6:50 p.m. Just before the formal biweekly meeting of the Board of Alders is to commence, homelessness activists Gregory Williams and Mark Colville crash the party. They report that they have just had a unusual and unpleasant experience at the overflow shelter, which offers overnight housing for homeless people during the colder half of the year. Williams says he and Colville showed up at the shelter to “sign out” some six homeless people so that they could come to City Hall to talk to alders about funding the shelter to stay open longer this year. When staff at the shelter heard what they wanted to do, Williams says, the staff refused to let homeless people leave to go to the meeting. Hearing this story, Mike Harris, the mayor’s legislative liaison to the board, reassures the pair that “that’s definitely not city policy. We want as many people to come to meetings as possible.” Harris immediately arranges meetings among Colville and Williams and mayoral Chief of Staff Tomas Reyes and Mayor Harp. Reyes (pictured conferring with Williams, Harris, and Colville) says the city will contact the overflow shelter and make sure that peoples’ ability to come to city meetings is not “abridged in any way” in the future.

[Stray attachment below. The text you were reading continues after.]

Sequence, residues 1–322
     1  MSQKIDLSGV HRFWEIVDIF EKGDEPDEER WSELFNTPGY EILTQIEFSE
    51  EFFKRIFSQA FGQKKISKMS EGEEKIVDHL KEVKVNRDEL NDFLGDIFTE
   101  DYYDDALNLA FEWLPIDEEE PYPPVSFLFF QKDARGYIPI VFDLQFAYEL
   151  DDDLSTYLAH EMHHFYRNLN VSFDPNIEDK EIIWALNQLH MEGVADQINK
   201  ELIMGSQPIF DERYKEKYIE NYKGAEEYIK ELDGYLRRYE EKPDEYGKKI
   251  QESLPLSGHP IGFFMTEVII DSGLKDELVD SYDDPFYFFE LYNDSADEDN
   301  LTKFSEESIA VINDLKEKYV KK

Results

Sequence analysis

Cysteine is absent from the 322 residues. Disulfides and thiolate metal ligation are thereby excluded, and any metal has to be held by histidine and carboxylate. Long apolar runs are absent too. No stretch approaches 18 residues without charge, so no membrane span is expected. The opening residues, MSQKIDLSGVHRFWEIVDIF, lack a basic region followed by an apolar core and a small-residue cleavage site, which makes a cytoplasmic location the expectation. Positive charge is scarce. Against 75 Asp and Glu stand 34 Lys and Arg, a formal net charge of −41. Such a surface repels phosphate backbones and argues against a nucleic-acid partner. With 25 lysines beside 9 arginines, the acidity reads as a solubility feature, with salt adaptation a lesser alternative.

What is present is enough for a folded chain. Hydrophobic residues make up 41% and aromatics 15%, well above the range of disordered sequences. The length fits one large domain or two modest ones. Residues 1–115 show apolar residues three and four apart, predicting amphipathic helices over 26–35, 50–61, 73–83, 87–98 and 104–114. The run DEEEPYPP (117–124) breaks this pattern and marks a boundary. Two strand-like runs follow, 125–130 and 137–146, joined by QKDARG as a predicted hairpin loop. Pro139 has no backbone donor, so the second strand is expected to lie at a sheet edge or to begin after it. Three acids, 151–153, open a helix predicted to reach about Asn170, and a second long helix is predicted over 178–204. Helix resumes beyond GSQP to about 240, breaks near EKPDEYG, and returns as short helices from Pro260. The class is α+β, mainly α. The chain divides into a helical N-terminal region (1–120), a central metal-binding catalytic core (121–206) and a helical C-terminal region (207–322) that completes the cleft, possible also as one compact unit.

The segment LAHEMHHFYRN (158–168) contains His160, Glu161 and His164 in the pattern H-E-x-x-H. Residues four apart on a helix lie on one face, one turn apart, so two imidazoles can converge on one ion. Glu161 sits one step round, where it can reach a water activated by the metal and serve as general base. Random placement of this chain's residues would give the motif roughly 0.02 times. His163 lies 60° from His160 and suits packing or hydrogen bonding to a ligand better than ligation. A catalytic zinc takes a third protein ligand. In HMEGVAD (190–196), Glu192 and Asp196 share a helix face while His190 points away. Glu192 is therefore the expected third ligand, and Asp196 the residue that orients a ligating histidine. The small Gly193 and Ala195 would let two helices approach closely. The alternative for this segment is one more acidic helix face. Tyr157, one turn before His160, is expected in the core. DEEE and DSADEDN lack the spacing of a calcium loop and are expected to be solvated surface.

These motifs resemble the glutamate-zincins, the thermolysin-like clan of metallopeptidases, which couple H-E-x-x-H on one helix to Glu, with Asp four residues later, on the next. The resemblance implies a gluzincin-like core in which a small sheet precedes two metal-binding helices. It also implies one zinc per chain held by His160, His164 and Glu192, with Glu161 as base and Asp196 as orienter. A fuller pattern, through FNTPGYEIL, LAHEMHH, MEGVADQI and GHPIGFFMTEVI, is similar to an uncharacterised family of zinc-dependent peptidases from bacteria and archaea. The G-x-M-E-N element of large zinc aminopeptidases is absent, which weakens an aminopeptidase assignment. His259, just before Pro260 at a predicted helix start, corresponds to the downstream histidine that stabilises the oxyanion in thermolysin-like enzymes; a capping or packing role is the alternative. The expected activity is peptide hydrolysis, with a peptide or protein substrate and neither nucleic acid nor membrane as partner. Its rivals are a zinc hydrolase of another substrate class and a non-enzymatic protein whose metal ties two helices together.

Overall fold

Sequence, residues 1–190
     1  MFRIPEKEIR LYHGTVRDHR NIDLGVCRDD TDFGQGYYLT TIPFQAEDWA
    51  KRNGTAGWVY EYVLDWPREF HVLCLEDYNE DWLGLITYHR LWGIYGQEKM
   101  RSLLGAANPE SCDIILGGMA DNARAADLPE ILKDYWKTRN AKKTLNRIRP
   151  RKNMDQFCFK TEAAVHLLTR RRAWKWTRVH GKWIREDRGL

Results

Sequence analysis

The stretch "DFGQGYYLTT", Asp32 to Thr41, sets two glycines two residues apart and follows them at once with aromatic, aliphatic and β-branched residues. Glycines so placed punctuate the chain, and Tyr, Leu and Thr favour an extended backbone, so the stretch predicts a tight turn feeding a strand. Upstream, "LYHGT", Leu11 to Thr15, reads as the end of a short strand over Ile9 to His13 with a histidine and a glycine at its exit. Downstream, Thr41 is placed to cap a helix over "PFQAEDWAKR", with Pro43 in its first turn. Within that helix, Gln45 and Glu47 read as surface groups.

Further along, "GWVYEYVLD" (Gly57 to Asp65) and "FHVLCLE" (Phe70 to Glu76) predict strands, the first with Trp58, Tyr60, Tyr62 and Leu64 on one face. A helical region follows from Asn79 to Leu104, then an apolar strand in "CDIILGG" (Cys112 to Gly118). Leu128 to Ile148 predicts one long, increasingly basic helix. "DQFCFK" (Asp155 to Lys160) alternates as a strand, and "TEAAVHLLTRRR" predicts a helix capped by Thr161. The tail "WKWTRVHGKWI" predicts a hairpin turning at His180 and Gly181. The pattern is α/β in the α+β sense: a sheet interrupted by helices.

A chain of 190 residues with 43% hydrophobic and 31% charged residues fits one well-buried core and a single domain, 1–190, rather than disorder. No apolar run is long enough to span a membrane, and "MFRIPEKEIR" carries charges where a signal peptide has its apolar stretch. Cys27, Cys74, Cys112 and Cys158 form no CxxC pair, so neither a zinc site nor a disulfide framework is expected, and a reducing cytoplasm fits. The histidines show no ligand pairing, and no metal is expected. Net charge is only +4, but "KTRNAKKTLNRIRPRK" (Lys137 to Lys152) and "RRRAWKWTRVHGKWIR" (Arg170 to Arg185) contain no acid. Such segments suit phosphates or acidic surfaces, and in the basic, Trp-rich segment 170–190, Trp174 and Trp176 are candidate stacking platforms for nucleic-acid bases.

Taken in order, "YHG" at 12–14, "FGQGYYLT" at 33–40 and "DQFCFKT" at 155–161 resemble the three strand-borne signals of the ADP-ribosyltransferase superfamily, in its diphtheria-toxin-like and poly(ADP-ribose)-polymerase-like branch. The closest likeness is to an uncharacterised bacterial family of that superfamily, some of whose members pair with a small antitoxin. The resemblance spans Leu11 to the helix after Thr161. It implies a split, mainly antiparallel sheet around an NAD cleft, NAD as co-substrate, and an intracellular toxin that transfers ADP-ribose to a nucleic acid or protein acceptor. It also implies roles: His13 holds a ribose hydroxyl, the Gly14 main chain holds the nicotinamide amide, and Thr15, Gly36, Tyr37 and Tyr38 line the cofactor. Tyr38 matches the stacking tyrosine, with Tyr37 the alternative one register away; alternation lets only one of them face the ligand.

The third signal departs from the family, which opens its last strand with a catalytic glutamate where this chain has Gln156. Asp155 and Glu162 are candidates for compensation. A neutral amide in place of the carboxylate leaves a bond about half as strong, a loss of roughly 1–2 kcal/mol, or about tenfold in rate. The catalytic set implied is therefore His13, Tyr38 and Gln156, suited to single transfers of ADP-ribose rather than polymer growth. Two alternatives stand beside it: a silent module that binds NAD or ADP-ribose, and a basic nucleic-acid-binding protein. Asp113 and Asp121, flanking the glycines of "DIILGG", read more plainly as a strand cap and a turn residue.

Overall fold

IV. Sneaky Developers, Wage Thieves Put On Notice

7:10 p.m. Then Alders Dolores Colon and Delphine Clyburn deliver the annual Black and Hispanic Caucus address to a packed chamber. They speak about the Board of Alders’ progress on its legislative goals of boosting jobs, youth and public safety. They highlight New Haven Works, the newly unveiled New Haven Youth Map, and community policing. They promise to keep a close eye on each new economic development project and “shut it down!” if developers are not abiding by minority hiring goals. They also promise to fight against wage theft, as seen recently at Gourmet Heaven, and “make an example of negligent employers.” The speech ends with chants of “We want jobs” from onlookers in the gallery, led by union activist Scott Marks.

V. Loophole Closure Begins